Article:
Recognition, Remembrance, and Reality is a collection of revised versions of eight papers on Plato’s epistemology and metaphysics first presented at the Fourth Annual Arizona Colloquium in Ancient Philosophy. Given the genesis of this volume, then, it is no surprise—and no legitimate cause for complaint—that it does not present us with a comprehensive exploration of Plato’s metaphysics and epistemology. The Sophist, the Timaeus, and the Philebus, for example, receive very little attention, while certain basic questions in these areas, e.g., (i) how to understand the difference between episteme and doxa, (ii) whether to think of a Platonic Form as a property, a universal, a type, or what have you, and (iii) how to understand the separation and self-predication of the Forms, are present only in the background, if at all. Most of the essays in this loosely organized anthology adopt the laudable approach of exploring a topic within a single dialogue: we get one piece on the Phaedo‘s recollection argument (by Gerson), two essays on the Republic (Miller and Smith), two on the Parmenides (McPherran and Patterson), and two on the Theaetetus (Lee and Shields). Asli Gocer’s paper, on the other hand, examines the neglected notion of hesuchia throughout much of the Platonic corpus. Mark McPherran also contributes a brief preface that summarizes the essays; the volume concludes with an index locorum, an index nominum, and a subject index.
Lloyd Gerson opens with “The Recollection Argument Revisited.” Gerson’s aim is to give a careful reconstruction of the well-known and much-discussed argument of Phaedo 72e3-78b3. As Gerson points out, while the gist of the argument is clear enough (what appears to be incarnate learning is really recollection of what we learned while we were discarnate), the devil is in the details. One pair of such notorious details concerns just what Socrates means when he says that recollection can be of things that are either homoion or anomoion (74a2-3) and what he means when he says that the object that prompts a recollection may be lacking in respect of or may fall short of the object one recollects (74a5-7; cf. 74d4-e4). A rather natural reading of these details is that two things A and B are homoion when they are similar in some (or perhaps most?) respects. One virtue of this view is that it easily accommodates the idea that A might fall short of B, since the similarity between them might be approximate rather than exact. Gerson rejects this reading because he finds this notion of similarity too vague to be of use. Instead, he proposes that A and B are homoion when they are in fact the same. A picture of Simmias is not just similar to Simmias; it is a picture of the very same man. But then what does it mean to say that the picture might fall short of the man if it does not mean that while the picture and the man are similar, they are also dissimilar? More importantly, what does it mean to say that sensible things (equal sticks and stones) might fall short of a Form (Equality itself)? Gerson’s answer does not point to the fact that while a pair of things might appear equal to you, they might appear unequal to me. Instead, he notes that the very same elements which in some cases constitute equality in other cases constitute inequality. The sensible world provides us with no pure and unadulterated sample of equality, so to speak.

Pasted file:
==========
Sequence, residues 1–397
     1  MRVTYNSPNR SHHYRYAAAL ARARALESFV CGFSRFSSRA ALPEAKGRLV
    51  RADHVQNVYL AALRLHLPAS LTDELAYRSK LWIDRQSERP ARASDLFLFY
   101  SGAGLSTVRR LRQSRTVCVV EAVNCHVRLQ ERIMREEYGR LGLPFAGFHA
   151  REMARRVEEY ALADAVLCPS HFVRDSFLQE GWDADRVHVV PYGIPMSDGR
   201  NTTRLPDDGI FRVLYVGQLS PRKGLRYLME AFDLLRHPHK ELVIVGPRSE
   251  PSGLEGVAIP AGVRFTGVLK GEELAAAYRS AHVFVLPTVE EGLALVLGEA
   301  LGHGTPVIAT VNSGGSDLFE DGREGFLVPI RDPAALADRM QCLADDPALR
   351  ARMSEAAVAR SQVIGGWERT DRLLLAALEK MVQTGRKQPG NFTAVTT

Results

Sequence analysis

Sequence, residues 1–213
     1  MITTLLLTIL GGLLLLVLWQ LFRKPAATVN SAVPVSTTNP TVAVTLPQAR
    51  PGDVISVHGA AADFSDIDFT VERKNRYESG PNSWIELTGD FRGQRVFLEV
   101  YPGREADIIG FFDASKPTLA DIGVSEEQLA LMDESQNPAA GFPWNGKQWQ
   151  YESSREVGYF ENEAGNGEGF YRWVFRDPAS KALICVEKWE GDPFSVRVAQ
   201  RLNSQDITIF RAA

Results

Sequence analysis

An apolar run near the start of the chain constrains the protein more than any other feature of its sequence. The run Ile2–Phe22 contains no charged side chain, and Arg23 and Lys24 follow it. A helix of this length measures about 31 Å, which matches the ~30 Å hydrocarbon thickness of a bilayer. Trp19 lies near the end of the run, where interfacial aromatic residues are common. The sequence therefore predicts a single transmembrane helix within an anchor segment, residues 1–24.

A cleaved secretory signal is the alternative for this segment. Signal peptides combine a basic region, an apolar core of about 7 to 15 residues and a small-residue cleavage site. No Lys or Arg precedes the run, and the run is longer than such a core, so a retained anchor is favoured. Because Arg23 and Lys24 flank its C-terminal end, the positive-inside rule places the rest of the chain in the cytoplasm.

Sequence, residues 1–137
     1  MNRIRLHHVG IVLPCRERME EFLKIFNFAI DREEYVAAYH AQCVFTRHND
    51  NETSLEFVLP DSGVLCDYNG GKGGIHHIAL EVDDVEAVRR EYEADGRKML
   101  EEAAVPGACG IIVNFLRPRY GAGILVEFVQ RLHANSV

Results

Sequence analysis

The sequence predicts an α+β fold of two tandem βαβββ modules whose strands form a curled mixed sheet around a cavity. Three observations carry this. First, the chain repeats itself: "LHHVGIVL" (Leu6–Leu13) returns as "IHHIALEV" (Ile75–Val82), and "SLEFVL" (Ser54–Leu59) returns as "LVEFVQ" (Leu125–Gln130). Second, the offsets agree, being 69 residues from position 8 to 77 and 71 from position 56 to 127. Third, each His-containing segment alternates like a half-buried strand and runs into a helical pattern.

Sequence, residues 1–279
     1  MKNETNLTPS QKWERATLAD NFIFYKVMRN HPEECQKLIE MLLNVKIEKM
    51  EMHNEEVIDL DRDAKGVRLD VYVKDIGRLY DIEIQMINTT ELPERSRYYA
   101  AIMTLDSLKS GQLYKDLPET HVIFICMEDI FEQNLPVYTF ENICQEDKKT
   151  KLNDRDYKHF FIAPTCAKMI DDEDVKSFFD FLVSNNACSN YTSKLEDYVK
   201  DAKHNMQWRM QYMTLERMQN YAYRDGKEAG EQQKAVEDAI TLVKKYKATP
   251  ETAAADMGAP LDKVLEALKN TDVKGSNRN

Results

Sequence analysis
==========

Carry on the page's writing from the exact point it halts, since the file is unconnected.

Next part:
In “Figure, Ratio, Form: Plato’s Five Mathematical Studies,” Mitchell Miller surveys the course of study Plato prescribes for his philosopher-rulers in Book VII of the Republic : calculation and arithmetic (522c-526c), plane geometry (526c-527c), solid geometry (528a-e), astronomy (529a-530c), and harmonics (530d-531c). Many have wondered about the propaideutic value of such studies for budding politicians; Miller’s aim here is limited to ascertaining their value for the ascent of the Platonic philosopher to the Forms and ultimately to the Form of the Good itself. After making the obvious point that each of these five studies helps the soul to transcend the sensible realm, he goes on to consider the significance of their ordering. He points out that the first and fifth studies (calculation and arithmetic and harmonics) concern relations of numbers, while the middle three studies are all species of geometry; he then speculates about the significance of this structure. Miller closes with a tantalizing discussion of the possibility that “Forms might be expressed in and as ratios.”